java de.shipdown.util.mysql.DuplicateIndexFinder --help

This will output general usage information and short explanations for the available options:

Usage: java de.shipdown.util.mysql.DuplicateIndexFinder
                [--help] [(-o|--outfile) <outfile>] [-v|--verbose] [-a|--generate-alter-table] (-D|--database) <dbname> (-u|--user) <dbuser> [(-p|--password) <dbpass>] [(-h|--host) <dbhost>] [(-P|--port) <dbport>]

        Prints this help message.

  [(-o|--outfile) <outfile>]
        Name of an output file. StdOut if omitted.

        Requests verbose output (includes column names).

        Generate alter table statements to drop superfluous indices.

  (-D|--database) <dbname>
        Name of the database to analyze.

  (-u|--user) <dbuser>
        User name for database connection.

  [(-p|--password) <dbpass>]
        Password for database connection.

  [(-h|--host) <dbhost>]
        Database hostname or address to connect to. Defaults to localhost.
        (default: localhost)

  [(-P|--port) <dbport>]
        Database network port. Defaults to 3306. (default: 3306)

As you can see most options are designed to be compatible with the usual MySQL command line tools. The only required parameters are the user and database names. All other options have sensible defaults.

If you specify the --generate-alter-table option, you will not only get an analysis of the indices in you database, but also suggessted ALTER TABLE statements. Please make sure you do not blindly apply those to any database. While I do not think anything horrible can happen, I cannot make any guarantee. It never hurts to have a backup!

Using the --verbose option the report will contain column names, so you can see for yourself if an index is really just a prefix of a longer one.


Consider a database "test" with a single table "people" with the following definition:

 CREATE TABLE `people` (
  `id` int(10) unsigned NOT NULL,
  `firstname` varchar(32) default NULL,
  `lastname` varchar(32) default NULL,
  `birthday` date default NULL,
  PRIMARY KEY  (`id`),
  KEY `idx_id` (`id`),
  KEY `idx_first` (`firstname`),
  KEY `idx_last` (`lastname`),
  KEY `idx_fullname` (`firstname`,`lastname`),
  KEY `idx_reversename` (`lastname`,`firstname`),
  KEY `idx_id_birth` (`id`,`birthday`),
  KEY `idx_id_birth_first` (`id`,`birthday`,`firstname`)

Now without further ado just run the DuplicateIndexFinder (the example assumes that you checked out the tag "0.01" from the SVN repository to ~/workspace/MIA0.01):

$ java -cp lib/mysql-connector-java-3.1.13-bin.jar:lib/JSAP-2.1.jar:build de.shipdown.util.mysql.DuplicateIndexFinder -u ds -D test

Table people
PRIMARY (len:1)
    obsoletes idx_id (len:1)
idx_reversename (len:2)
    obsoletes idx_last (len:1)
idx_fullname (len:2)
    obsoletes idx_first (len:1)
idx_id_birth (len:2)
    obsoletes idx_id (len:1)
idx_id_birth_first (len:3)
    obsoletes idx_id (len:1)
    obsoletes idx_id_birth (len:2)

This output means

  • that the PRIMARY key obsoletes the idx_id, because they are identical. The primary key is always preserved.
  • that idx_reversename makes idx_last obsolete, because any query that searches for just a last name can just as well use the idx_reversename index, as can a query that looks for a full name combination
  • that idx_fullname makes idx_first useless for the same reason as above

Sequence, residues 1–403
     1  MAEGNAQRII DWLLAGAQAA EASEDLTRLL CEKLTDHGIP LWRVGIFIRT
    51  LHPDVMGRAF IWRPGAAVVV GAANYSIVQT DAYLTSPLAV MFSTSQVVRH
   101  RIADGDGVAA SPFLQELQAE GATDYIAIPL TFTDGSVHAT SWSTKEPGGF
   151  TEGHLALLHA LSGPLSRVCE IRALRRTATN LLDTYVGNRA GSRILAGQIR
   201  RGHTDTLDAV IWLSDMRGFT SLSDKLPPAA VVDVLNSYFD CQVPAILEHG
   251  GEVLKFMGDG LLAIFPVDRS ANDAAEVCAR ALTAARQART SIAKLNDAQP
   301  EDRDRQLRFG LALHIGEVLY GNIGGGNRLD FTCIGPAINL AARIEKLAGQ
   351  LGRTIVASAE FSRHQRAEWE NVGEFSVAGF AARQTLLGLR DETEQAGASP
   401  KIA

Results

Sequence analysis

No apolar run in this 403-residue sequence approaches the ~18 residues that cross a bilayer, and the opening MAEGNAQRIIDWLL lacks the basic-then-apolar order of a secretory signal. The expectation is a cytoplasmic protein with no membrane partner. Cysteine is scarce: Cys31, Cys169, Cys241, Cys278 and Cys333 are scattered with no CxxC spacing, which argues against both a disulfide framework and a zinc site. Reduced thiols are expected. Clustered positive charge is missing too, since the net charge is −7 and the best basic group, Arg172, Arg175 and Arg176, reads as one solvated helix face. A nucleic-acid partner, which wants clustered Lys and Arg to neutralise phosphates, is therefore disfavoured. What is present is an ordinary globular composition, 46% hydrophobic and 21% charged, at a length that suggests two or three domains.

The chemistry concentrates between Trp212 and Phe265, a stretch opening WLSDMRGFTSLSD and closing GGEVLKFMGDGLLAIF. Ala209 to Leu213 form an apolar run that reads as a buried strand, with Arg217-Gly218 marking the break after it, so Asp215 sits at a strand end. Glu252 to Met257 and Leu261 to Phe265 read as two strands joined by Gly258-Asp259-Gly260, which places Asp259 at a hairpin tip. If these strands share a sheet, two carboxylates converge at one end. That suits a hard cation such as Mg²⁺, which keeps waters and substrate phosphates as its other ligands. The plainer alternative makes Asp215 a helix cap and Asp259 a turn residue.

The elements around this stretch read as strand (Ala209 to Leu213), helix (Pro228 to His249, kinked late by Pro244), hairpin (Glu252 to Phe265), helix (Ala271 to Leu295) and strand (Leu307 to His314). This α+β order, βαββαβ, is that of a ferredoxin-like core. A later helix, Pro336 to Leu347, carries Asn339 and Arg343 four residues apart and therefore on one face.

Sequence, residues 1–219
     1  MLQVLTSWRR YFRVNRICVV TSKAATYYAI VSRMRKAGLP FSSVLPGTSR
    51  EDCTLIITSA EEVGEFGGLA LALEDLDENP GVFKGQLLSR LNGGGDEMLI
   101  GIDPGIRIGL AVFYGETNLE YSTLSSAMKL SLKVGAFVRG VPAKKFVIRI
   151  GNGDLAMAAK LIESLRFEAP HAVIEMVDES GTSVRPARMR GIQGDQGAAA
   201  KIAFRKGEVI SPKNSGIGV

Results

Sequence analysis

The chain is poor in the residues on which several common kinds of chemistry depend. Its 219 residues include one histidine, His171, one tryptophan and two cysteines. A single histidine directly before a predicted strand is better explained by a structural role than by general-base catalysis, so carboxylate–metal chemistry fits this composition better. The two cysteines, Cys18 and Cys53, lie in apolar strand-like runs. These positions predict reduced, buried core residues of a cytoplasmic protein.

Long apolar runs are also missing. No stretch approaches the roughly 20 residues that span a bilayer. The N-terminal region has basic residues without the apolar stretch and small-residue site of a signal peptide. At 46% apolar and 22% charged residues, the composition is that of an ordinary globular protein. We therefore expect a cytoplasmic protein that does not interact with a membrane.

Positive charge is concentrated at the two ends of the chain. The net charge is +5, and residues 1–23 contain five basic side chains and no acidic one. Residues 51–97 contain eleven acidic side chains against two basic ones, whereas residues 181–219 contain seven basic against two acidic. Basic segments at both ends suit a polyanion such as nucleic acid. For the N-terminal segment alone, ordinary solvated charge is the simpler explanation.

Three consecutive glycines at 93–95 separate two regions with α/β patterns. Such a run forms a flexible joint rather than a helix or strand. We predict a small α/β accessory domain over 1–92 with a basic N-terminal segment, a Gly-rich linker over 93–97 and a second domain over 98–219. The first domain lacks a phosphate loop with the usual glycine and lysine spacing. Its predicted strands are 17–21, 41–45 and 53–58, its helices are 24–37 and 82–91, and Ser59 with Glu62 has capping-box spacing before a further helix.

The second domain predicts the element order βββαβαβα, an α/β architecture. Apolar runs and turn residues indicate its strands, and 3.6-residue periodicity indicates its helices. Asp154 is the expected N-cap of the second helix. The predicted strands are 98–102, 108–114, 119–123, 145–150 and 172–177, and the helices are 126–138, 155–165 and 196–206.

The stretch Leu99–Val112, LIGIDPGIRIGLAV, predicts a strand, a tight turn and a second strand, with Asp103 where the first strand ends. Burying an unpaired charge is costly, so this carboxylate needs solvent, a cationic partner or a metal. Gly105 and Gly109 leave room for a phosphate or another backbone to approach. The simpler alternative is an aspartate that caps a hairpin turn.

• that idx_id_birth obsoletes idx_id for the same reason as above. Note that the id column is also covered by the primary key.
  • that idx_id_birth_first obsoletes both idx_id and id_id_birth, because it starts with the same columns as the other two.

If you follow the tool's advice you would modify your schema to remove all indices except for the primary key, idx_reversename, idx_fullname, and idx_id_birth_first. You can get the necessary statements to drop the obsolete one like this:

ds@yavin:~/workspace/MIA 0.01
$ java -cp lib/mysql-connector-java-3.1.13-bin.jar:lib/JSAP-2.1.jar:build de.shipdown.util.mysql.DuplicateIndexFinder -u ds -D test --verbose --generate-alter-table

Table people
PRIMARY (cols: 1:id)
    obsoletes idx_id (cols: 1:id)
idx_reversename (cols: 1:lastname, 2:firstname)
    obsoletes idx_last (cols: 1:lastname)
idx_fullname (cols: 1:firstname, 2:lastname)
    obsoletes idx_first (cols: 1:firstname)
idx_id_birth (cols: 1:id, 2:birthday)
    obsoletes idx_id (cols: 1:id)
idx_id_birth_first (cols: 1:id, 2:birthday, 3:firstname)
    obsoletes idx_id (cols: 1:id)
    obsoletes idx_id_birth (cols: 1:id, 2:birthday)

ALTER TABLE people DROP INDEX idx_first, DROP INDEX idx_last, DROP INDEX idx_id_birth, DROP INDEX idx_id;

As you see the --verbose switch provides a little more detail in the report. But more interestingly you get a suggested DDL statement. Note that all indices are dropped at once. This is especially important for large tables, as MySQL needs to create a full copy of a table if you issue an ALTER TABLE command.

Using this syntax requires only a single copy process, while removing the indices in separate statements would have required 4 copies and therefore about 4x as long.

Montag, August 21, 2006

Welcome to the MySQL Index Analyzer Blog

This is the new blog for the MySQL Index Analyzer, a small Java application written by Daniel Schneller. It was first "released" in the beginning of 2006 in this blog post.

When I read questions about such a tool on the MySQL Performance Blog I decided to release it as a regular open source project. It currently hosted on Google's new code hosting service. You can find it here:

More information can be found here soon.

Sonntag, August 20, 2006


Daniel Schneller
Kamper Str. 14
42699 Solingen
Deutschland /Germany